While many of us have become used to (or reliant upon) shooting with a zoom lens – there’s something about shooting with a prime lens (fixed focal length) that makes you think about the composition of your shots a little more. So choose a focal length that you don’t shoot at much and stick with it for a week and see how you go (and if you don’t have a prime lens to do this with – use your zoom but simply stick at one end of its range for a week).
Variation: another option for this is to choose a lens that you may not have used much before. Many photographers buy multiple lenses but then stick with one, ignoring others. Alternatively swap lenses with a friend for a week or even try renting one for a short period.
2. The 1 Roll Rule
Shooting heaps of shots is easy to do. It doesn’t really cost you anything (although fills up hard drives pretty quick) and some might think it increases your chance of capturing the perfect moment. The problem is that when you rely upon the quantity of your shots to improve the quality of your images that you can easily become lazy and complacent. Here’s a challenge – next time you go out on a shoot – limit yourself to 36 shots (the number in a roll of film). In doing so you’ll find yourself really thinking about your shots. You’ll time them better and make sure each shot counts!
3. Turn Off the Live Preview/Review
Speaking of old school film photography – do you remember that feeling when you got to the end of shooting a roll of film and wondering how your shots would turn out? You’d put the film in for processing and wait a week or so for them to be ready and then go to the photo lab with anticipation… rip open the package and go through them one by one – reliving the moments you captured a week or so ago?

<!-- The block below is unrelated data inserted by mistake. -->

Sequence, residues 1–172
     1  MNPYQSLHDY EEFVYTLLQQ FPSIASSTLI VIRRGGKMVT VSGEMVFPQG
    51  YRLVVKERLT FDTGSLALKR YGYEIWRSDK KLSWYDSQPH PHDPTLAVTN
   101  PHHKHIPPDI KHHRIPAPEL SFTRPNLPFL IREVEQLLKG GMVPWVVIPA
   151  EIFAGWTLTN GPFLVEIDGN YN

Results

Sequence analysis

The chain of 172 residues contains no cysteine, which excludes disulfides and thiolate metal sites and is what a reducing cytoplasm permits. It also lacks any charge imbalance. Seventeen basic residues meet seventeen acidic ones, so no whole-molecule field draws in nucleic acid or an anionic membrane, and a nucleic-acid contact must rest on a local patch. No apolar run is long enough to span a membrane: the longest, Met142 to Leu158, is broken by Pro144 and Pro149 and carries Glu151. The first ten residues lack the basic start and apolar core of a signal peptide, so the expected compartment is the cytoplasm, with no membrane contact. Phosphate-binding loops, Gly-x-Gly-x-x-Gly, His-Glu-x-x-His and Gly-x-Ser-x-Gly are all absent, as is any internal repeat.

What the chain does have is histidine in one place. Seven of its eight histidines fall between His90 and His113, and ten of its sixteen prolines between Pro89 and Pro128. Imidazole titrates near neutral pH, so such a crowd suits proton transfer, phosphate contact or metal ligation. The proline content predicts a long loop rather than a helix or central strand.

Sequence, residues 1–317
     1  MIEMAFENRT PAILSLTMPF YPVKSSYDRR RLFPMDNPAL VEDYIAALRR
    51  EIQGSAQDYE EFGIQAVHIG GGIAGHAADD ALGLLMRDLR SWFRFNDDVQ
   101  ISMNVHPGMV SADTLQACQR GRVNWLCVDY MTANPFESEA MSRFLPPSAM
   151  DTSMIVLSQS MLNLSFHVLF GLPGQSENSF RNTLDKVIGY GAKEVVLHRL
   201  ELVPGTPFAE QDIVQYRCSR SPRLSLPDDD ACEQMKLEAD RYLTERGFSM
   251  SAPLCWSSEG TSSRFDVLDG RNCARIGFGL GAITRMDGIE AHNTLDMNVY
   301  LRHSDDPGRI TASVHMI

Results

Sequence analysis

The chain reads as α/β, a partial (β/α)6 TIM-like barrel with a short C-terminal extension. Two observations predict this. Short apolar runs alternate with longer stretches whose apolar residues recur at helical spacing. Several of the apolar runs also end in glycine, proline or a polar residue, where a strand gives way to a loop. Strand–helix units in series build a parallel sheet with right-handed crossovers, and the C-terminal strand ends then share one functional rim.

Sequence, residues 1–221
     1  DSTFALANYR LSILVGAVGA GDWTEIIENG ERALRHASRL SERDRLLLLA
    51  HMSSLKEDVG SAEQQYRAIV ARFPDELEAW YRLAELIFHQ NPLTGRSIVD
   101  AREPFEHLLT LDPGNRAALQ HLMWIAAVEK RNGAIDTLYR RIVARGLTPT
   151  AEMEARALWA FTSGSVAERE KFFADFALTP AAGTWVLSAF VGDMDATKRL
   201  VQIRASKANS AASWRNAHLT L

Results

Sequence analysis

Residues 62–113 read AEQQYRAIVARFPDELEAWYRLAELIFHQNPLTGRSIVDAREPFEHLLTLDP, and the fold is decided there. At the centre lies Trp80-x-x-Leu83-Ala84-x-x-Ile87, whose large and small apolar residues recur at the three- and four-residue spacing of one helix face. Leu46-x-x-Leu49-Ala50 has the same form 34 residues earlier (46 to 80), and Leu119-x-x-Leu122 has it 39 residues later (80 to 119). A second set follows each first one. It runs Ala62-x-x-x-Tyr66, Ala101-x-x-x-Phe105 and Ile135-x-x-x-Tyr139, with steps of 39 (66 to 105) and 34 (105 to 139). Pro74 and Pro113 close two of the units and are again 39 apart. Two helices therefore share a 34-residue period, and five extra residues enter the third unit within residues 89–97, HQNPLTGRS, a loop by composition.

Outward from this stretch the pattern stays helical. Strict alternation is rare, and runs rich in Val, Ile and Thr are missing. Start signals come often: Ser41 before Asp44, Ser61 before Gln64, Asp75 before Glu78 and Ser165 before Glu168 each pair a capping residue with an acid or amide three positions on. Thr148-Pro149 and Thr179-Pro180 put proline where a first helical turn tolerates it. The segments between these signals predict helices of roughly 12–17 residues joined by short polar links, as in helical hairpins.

Digital photography gives you instant access to the images you take – but sometimes by having that little screen on the back of your cameras, you might be missing something from the experience of photography. There are certainly advantages of being able to quickly review your shots or compose them on a larger screen.
You'll also find yourself looking at your camera a whole lot more than you're looking at the scene in front of you and wonder if some of the joy of the moment could be lost. So try this – turn off your LCD screen. Some cameras let you do this in your settings while others might take a little self discipline.
4. Manual Focus
Just thinking about your focus rather than relying upon those auto focal points your camera has puts you in a different frame of mind. So switch to Manual Focusing and see what impact it has on your photography!
5. Limit Yourself to an Aperture
Try shooting portrait with a smaller aperture and add more on focused backgrounds to give your subjects context especially with environmental portraits. Doing this can make you more thoughtful with your shots and can help expand the possibilities of styles at your fingertips when shooting.